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Trade liberalisation and overall relationship

13 - Trade liberalisation with Russia

Grade: A-
Unity 5/5
Resources 3/5
Outcome 8/10
Total 16/20
Scorecard 2010/11: B- (12/20)

Russian accession to the WTO was a big success for the EU that opens the way for further EU–Russia trade liberalisation.

The EU’s objective is to create a common economic space based on a free-trade area with Russia. For years, EU–Russia trade liberalisation has been held back because Russia is not a member of the WTO. For example, without WTO membership, Russia could not sign a free-trade agreement with the EU, which has been on offer for several years. Russia’s WTO accession was complicated by Russia’s protectionist lobbies and Russian-Georgian disagreements on how to ensure proper border controls around the conflict zones of Abkhazia and South Ossetia. Russia’s creation of a customs union of Kazakhstan and Belarus has also complicated Russia’s WTO accession and EU–Russia trade liberalisation.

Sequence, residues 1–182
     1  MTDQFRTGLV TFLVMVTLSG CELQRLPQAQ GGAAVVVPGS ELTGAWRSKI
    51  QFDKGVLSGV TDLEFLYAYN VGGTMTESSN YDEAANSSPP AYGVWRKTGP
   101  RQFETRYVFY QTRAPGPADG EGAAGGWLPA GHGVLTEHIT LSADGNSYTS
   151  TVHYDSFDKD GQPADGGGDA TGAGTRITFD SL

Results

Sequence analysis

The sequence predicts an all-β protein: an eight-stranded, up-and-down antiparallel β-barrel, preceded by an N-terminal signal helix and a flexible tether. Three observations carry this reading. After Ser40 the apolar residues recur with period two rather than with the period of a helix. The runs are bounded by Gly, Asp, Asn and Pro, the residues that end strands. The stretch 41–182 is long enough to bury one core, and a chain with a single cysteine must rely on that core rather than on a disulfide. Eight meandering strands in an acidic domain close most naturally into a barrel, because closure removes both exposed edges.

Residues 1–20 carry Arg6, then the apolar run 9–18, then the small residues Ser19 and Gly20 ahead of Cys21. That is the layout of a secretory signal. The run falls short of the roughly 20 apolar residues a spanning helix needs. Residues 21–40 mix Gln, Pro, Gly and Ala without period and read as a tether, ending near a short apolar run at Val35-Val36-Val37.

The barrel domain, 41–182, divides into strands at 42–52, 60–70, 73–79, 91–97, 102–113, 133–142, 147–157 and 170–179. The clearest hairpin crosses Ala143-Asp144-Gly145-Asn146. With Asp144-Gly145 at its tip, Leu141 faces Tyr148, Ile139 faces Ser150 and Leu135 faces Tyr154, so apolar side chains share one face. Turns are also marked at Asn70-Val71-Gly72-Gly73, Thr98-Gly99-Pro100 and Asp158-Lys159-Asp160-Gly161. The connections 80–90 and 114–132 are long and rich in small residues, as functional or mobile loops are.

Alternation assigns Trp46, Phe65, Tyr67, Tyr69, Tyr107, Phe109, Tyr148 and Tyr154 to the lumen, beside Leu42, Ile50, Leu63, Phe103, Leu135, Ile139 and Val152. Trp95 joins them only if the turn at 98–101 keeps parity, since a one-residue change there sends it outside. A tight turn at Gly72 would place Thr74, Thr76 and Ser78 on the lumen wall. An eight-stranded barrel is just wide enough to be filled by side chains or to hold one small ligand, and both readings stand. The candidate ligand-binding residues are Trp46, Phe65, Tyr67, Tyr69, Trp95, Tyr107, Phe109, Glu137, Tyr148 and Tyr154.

In 2011, after 18 years of negotiations, Russia finalised accession talks with the WTO member states – a major success for the EU. Russia finally joined the WTO in December. This will also open the way for further trade liberalisation between Russia and the EU, which could be enshrined in the New Enhanced Agreement (NEA) currently being negotiated. Throughout the year, the EU was quite united in supporting Russia’s WTO accession and holding the perspective of a free-trade regime open to Russia. In the spring, the EU and Russia finally settled most of their differences on Russia’s WTO accession. The EU also played a strong diplomatic role in persuading both Russia and Georgia to agree on a compromise that opened the way for Russian accession to the WTO. But although the EU has achieved its long-term objective of seeing Russia enter the WTO, the success of further EU–Russia trade liberalisation will depend on how fast the EU and Russia can agree to liberalise their own bilateral trade.